Housman continued to focus on his teaching, but in the early 1920s, when his old friend Moses Jackson was dying, Housman chose to assemble his best unpublished poems so that Jackson might read them. These later poems, most of them written before 1910, exhibit a range of subject and form much greater than the talents displayed in A Shropshire Lad. When Last Poems was published in 1922, it was an immediate success.

A third volume, More Poems, was released posthumously in 1936 by his brother, Laurence, as was an edition of Housman’s Complete Poems (1939).

Despite acclaim as a scholar and a poet in his lifetime, Housman lived as a recluse, rejecting honors and avoiding the public eye. He died on April 30, 1936, in Cambridge

 "Farewell to barn and stack and tree,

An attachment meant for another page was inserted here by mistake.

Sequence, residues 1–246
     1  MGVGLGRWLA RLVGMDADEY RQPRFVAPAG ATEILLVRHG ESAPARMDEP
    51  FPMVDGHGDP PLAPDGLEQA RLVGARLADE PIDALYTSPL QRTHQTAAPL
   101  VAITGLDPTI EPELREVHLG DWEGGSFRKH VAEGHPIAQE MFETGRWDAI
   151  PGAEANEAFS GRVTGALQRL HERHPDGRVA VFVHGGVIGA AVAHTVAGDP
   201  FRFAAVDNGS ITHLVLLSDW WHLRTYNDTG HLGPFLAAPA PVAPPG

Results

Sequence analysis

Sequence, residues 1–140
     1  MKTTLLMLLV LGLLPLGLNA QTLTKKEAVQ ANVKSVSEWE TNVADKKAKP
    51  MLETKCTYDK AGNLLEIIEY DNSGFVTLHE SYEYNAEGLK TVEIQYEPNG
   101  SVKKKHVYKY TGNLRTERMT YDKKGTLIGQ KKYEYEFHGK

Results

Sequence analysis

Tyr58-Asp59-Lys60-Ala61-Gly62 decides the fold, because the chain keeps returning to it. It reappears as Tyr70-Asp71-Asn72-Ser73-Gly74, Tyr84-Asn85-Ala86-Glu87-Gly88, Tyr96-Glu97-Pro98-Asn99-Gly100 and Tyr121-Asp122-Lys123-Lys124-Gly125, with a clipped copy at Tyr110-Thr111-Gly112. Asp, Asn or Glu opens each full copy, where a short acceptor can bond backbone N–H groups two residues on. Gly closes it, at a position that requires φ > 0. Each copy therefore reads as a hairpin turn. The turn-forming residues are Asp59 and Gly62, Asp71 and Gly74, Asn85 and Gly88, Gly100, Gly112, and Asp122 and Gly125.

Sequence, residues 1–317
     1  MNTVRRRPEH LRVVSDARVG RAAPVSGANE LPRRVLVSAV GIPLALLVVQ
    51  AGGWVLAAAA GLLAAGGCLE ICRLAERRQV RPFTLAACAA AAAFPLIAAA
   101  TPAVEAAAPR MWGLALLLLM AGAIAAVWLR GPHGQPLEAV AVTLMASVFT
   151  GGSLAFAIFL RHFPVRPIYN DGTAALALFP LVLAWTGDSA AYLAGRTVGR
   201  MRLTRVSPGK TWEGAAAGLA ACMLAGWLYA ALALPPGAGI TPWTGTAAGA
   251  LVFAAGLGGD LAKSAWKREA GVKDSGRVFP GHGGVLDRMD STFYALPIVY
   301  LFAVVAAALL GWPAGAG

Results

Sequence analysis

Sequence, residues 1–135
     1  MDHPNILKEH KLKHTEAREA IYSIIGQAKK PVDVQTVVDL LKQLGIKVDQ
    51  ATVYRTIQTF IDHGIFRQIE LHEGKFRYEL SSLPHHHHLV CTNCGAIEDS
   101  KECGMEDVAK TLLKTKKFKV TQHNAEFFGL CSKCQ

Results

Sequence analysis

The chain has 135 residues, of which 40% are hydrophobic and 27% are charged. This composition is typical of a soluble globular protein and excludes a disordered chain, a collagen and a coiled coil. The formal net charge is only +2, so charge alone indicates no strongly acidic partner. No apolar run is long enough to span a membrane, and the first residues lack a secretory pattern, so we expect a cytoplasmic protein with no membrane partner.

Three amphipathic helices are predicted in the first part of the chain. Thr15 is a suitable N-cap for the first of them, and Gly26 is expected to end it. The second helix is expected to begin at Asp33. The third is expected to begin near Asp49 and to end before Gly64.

Farewell to Severn shore.
Terence, look your last at me,
         For I come home no more.
"The sun burns on the half-mown hill,
         By now the blood is dried;
And Maurice amongst the hay lies still
         And my knife is in his side."
"My mother thinks us long away;
         'Tis time the field were mown.
She had two sons at rising day,
         To-night she'll be alone."
"And here's a bloody hand to shake,
         And oh, man, here's good-bye;
We'll sweat no more on scythe and rake,
         My bloody hands and I."
"I wish you strength to bring you pride,
         And a love to keep you clean,
And I wish you luck, come Lammastide,
         At racing on the green."
"Long for me the rick will wait,
         And long will wait the fold,
And long will stand the empty plate,
         And dinner will be cold."

An Analysis of the Poem “Barn Stack and Tree”

The poem is from a whole book that Housman, the author, originally called "Poems of Terence Hearsay." Terence is the fictional speaker of most of the poems. He's an average person who lives on a farm in rural Shropshire and tells us stories (mostly very dark and depessing ones) about his own life and his neighbors.